If someone hasn’t seen Cool Hand Luke or Cuckoo’s Nest, I assume they’ve seen The Shawshank Redemption (1994). If not, I figure this person doesn’t own a television. You can fall asleep to Frank Darabont’s prison classic on one cable channel and wake up to it two hours later on another and not miss a beat. Now, start making the same types of swaps – Dragline for Red (Morgan Freeman), the box for the hole, Lucille for Rita Hayworth – and you’ll see just how similar all these movies are. It’s plug-and-chug storytelling, but all three films, which I discovered and fell in love with in reverse chronological order, are among my favorites of all time, as are the three main characters: Luke Jackson, Randle Patrick McMurphy, and Andy Dufresne (Tim Robbins). All “natural born world-shakers,” as Dragline would tell it to the rest of us “stupid mullet heads.”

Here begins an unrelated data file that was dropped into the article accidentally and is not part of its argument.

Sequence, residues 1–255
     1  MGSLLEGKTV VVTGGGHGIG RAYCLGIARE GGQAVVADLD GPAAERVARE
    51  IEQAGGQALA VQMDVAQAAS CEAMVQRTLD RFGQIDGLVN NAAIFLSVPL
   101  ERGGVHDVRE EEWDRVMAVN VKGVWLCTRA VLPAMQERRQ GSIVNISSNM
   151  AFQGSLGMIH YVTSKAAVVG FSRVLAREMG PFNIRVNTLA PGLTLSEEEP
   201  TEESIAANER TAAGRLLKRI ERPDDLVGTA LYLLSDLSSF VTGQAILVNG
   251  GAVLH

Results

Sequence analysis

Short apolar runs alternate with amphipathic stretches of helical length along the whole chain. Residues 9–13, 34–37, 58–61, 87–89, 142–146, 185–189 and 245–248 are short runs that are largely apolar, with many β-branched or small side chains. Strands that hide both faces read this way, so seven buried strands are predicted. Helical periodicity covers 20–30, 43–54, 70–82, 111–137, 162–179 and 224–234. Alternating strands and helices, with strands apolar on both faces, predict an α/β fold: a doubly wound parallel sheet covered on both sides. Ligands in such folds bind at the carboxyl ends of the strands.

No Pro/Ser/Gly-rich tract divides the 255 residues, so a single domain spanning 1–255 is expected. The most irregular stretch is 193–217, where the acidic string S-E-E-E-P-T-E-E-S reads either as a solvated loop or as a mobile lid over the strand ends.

That’s not to say Luke, Mac, and Andy are all that much alike. Luke’s a cool, likeable customer who can never seem to make a good thing stick – his heroic military service, a steady job, or a nice girl to settle down with — without the bosses of this world (and the next) crowding him. McMurphy’s a wild, gambling sex fiend who can’t help offending decent society and entangling others in his impulsive recklessness. And Andy’s an unflappable, determined introvert, the kind of man, as he explains to Red, who had to come to prison to become a crook. But all three characters share an elemental quality. In each shines a rugged spirit that can’t be broken, even when locked away for dead inside institutions that are specifically designed to break men’s spirits. And through their natural stubbornness and refusal to be anything less than free, they reveal the true wickedness and corruption at the very heart of their respective institutions, and they spark hope in places it had long ago been stamped out like an ember that floats out of a fireplace and lands on the living room carpet.